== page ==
“Despite all the support and money evident in the projects, there is absolutely no reason this work could not be done in a garage. And all of the parts for these projects are now available from the Registry.” — Rob Carlson, iGEM 2008: Surprise — The Future is Here Already, Nov 2008.
The question which should be posed is:
- What does it really take to actually do this in a garage?
Of course I’m interested in the answer. I actually want to do this in my garage.
(Let’s ignore the fact for a moment, that many of the iGEM competition projects don’t generate experimental results due to lack of time in the schedule, thus actual project results don’t mirror the project prospectus.)
Here is my short list of what is required:
- Education (all at university level)
- 1 semester of general chemistry
- 1 semester of general chemistry lab
- 1 semester of physics (newtonian)
- 3 semesters of math (that is, up to differential equations and engineering statistics)
- 1 semester of organic chemistry
- 1 semester of biology; see General Biology Lecture, UC Berkeley Webcast
- 1 semester of biology lab; see Biology 1AL – General Biology Laboratory, UC Berkeley Webcast
- 1 semester of microbiology; see Molecular and Cell Biology 110 – Molecular Biology: Macromolecular Synthesis and Cellular Function, UC Berkeley Webcast
- 1 semester of computer science for bioinformatics (plus the significant computer skills everyone takes for granted nowadays)
- 0.5 semesters of engineering design — usually done as “introduction to engineering” classes at theoretical universities these days
- 1 year of industry or grad-level engineering lab research & design
- 1 year of wet lab in synthesis
- 2 more years of wet lab in synthesis if it’s desired to have a high probability of success on the project (see my SB4.0 notes for where this came from)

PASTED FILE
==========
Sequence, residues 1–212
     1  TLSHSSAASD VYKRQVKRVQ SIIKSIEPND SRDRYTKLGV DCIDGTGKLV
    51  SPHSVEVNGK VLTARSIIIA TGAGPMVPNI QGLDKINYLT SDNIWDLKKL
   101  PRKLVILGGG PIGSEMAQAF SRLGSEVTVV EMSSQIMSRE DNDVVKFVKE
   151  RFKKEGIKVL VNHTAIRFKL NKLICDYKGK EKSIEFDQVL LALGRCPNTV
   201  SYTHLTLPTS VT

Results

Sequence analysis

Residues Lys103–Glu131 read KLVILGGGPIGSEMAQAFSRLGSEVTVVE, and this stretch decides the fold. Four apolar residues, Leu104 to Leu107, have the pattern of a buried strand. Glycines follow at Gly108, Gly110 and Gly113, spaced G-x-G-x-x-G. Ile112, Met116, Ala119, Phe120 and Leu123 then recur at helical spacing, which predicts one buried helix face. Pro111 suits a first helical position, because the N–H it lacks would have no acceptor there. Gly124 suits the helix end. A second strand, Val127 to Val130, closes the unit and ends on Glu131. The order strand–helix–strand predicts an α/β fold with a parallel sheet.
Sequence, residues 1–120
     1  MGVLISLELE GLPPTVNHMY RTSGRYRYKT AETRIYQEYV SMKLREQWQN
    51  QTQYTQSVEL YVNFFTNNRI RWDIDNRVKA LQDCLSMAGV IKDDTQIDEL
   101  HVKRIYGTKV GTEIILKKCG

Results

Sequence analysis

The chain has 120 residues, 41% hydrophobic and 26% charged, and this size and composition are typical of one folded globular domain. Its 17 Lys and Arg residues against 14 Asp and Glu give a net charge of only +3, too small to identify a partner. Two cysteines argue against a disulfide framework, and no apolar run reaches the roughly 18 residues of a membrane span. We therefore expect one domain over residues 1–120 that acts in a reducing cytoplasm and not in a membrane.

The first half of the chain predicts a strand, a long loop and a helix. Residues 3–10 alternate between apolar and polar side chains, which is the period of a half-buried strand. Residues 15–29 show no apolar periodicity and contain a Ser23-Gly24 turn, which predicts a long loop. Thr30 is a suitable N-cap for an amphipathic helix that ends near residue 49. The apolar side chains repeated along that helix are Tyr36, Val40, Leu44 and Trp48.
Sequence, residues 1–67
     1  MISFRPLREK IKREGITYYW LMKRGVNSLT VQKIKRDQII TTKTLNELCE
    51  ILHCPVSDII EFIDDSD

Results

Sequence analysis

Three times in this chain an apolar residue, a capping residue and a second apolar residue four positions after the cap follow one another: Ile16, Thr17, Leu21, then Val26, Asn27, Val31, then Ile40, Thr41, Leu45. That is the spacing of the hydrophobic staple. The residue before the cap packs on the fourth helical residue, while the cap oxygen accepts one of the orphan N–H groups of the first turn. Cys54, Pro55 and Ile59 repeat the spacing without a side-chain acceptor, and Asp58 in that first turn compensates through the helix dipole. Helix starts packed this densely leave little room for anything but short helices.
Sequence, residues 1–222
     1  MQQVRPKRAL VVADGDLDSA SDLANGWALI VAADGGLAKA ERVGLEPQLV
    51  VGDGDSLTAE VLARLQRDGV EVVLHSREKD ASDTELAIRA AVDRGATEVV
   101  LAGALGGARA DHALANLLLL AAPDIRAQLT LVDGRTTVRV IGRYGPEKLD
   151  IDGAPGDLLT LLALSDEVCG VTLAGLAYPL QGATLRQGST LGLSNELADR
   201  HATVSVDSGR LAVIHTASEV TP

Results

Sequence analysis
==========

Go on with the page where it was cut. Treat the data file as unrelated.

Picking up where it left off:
- Most lab equipment is generally unnecessary, since significant work can be outsourced.
- Example setup: See Making a Biological Counter, Katherine Aull, 2008. (Home bio-lab created for under $500.)
- Laptop or desktop computer
- Internet connection
- About $10k to $20k cash (?) to throw at a problem for outsourced labor, materials, and equipment (this cost decreases on a yearly basis).
- Time (Work effort)
- Depends on experience, on the scope of the problem, on project feasibility — of course.
- 4 to 7 man-months to either obtain a working prototype or scrap the project.
Although some student members of iGEM teams are random majors such as economics or music, somehow I’m not sure they qualify towards the “anyone can do this” mantra. Of the iGEM competition teams who placed well for their work, all of the members were 3rd year or 4th year undergrads or higher. The issue isn’t the equipment or ability to outsource — it’s the human capital, the mind-matter, that counts: education and experience. (Which, in the “I want to DIY my Bio!” crowd, is a rare find.)
With all that covered, it seems anyone can have their very own glowing bacteria.
“Biology is hard, and expensive, and most people trained enough to make a go of it have a lab already — one that pays them to work.” — Katherine Aull (see above ref.)